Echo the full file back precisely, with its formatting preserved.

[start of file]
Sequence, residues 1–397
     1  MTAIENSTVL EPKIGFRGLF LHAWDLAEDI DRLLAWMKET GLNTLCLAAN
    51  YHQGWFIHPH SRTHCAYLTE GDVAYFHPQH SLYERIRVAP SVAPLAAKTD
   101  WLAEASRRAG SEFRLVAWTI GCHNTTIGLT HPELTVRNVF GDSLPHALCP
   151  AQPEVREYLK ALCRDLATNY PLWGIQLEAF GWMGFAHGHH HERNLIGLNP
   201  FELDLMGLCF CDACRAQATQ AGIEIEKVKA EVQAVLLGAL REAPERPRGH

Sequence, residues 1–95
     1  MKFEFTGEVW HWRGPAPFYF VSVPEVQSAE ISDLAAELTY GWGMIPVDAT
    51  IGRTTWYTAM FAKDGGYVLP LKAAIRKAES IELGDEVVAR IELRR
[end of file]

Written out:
Sequence, residues 1–397
     1  MTAIENSTVL EPKIGFRGLF LHAWDLAEDI DRLLAWMKET GLNTLCLAAN
    51  YHQGWFIHPH SRTHCAYLTE GDVAYFHPQH SLYERIRVAP SVAPLAAKTD
   101  WLAEASRRAG SEFRLVAWTI GCHNTTIGLT HPELTVRNVF GDSLPHALCP
   151  AQPEVREYLK ALCRDLATNY PLWGIQLEAF GWMGFAHGHH HERNLIGLNP
   201  FELDLMGLCF CDACRAQATQ AGIEIEKVKA EVQAVLLGAL REAPERPRGH

Sequence, residues 1–95
     1  MKFEFTGEVW HWRGPAPFYF VSVPEVQSAE ISDLAAELTY GWGMIPVDAT
    51  IGRTTWYTAM FAKDGGYVLP LKAAIRKAES IELGDEVVAR IELRR